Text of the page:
Sun-Herald, September 16 2001

Two press conferences last week have confirmed that, after a long drought, Moscow will be hosting two world class tournaments at the end of the year. 

After numerous false starts the official FIDE World Championship has found a home in the Russian capital. 

However the FIDE tournament will be missing three of its stars, with Kasparov, Karpov and Kramnik choosing to play a round-robin tournament concurrently. 

The3Ks event, with a first prize of $US50,000 is dedicated to the memory of the late Mikhail Botvinnik, the former World Champion and teacher who would have turned 90 this year. 

All three Ks were assisted by the renowned Botvinnik school in their developing years, especially Kasparov, who worked as both student and teacher between 1973 and 1987. 

Kramnik had less contact with the post-war legend, admitting at the press conference that the main piece of advice from Botvinnik he could remember was "Don't play blitz [five minute] games through the night" - advice he often ignored when young! 

FIDE has also dedicated their tournament to Botvinnik and claim that the knock-out World Championship, backed by Moscow mayor Yuri Luzhkov, will be played at the Kremlin.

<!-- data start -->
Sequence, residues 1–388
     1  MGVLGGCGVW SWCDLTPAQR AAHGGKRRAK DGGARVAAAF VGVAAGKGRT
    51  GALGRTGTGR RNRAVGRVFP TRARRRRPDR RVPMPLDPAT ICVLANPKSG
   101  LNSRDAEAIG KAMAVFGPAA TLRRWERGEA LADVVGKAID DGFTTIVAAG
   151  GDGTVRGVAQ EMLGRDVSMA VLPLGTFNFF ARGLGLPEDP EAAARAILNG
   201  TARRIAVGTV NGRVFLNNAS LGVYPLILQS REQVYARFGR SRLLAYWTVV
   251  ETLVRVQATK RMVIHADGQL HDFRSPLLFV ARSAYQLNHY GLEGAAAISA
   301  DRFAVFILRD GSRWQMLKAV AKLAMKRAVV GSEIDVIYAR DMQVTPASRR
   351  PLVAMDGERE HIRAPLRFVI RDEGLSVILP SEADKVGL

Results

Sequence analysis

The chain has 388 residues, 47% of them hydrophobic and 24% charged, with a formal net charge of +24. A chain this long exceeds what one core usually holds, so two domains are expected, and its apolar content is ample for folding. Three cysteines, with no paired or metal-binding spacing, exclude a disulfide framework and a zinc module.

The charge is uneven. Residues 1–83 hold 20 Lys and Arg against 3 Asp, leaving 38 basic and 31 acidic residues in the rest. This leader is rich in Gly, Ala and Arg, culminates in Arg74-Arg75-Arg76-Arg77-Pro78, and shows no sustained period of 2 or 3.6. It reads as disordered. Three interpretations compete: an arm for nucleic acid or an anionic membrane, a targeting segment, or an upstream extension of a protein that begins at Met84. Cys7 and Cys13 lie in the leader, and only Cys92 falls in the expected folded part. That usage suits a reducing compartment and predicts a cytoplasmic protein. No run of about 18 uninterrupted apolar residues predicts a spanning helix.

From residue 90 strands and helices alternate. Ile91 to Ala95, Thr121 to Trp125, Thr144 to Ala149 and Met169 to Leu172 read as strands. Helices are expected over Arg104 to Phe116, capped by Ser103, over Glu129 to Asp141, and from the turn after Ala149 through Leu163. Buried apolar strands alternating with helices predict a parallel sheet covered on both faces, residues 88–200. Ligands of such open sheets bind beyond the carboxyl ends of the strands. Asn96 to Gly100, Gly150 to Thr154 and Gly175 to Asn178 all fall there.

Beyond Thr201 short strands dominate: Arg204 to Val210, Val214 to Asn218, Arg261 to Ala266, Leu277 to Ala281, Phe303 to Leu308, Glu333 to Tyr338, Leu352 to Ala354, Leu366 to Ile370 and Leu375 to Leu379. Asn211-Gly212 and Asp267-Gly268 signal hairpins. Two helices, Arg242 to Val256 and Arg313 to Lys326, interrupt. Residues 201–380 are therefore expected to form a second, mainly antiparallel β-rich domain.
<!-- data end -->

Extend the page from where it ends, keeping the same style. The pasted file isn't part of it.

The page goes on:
However the 3Ks claim patronage from the top echelons of the Russian government, including Vladimir Putin, and Kramnik expressed doubt that the FIDE tournament would take place as announced. 

After an apparently unsuccessful search for sponsors, the FIDE tournament is again to be bankrolled by the Kalmyk people via FIDE (and Kalmyk) President Kirsan Iljumzhinov to the tune of $US2.5m. 

With their President's finances uppermost in mind, FIDE also announced that they were abandoning their unfortunate experiment with an annual World Championship, moving to a biennial cycle. 

The decision will be a relief for Australia and the other Oceania countries who had found the task of obtaining adequate sponsorship for annual World Championship qualifiers impossible. 

Shanghai 2001 
White: E.Shaposhnikov 
Black: Ni Hua 
Opening: Sicilian Defence 
1.e4 c5 2.Nf3 Nc6 3.Bb5 g6 4.0-0 Bg7 5.Re1 e5 6.Bxc6 dxc6 7.d3 f6!? 8.a3!?
Modern pawn play, intending to liquidate Black's doubled pawn. 8...Nh6?! 9.b4! cxb4 10.axb4 Nf7 11.Be3 a6 12.Nc3 Bg4?! 13.h3 Bxf3 14.Qxf3 Ng5? 15.Qg4 Qd7 16.Qxd7+! Kxd7 17.Na4 Rae8 18.c4! Ne6 19.b5! Chess can be easy; without queens on the board, White still has a powerful attack. 19...axb5 20.cxb5 cxb5 21.Nb6+ Ke7 22.Rab1 Nc7 23.Rec1 Kd8 24.Bd2! Na6 25.Rxb5 Rhf8 26.Rd5+ 1-0 A one-sided battle between two of the world's top juniors, part of Russia's 21.5-14.5 defeat of China in last week's Summit match. 

Najdorf Memorial Buenos Aires, Argentina Final scores: 1.Karpov (Rus) 6.5/9; 2eq. Korchnoi (Swi), Radjabov (Aze) 6; 4.Short (Eng) 5; 5eq.Polgar (Hun), Xie Jun (Chn) 4.5; 7.Felgaer (Arg) 4; 8eq.Mecking (Brs), Ricardi (Arg) 3.5; 10.Milos (Brs) 1.5.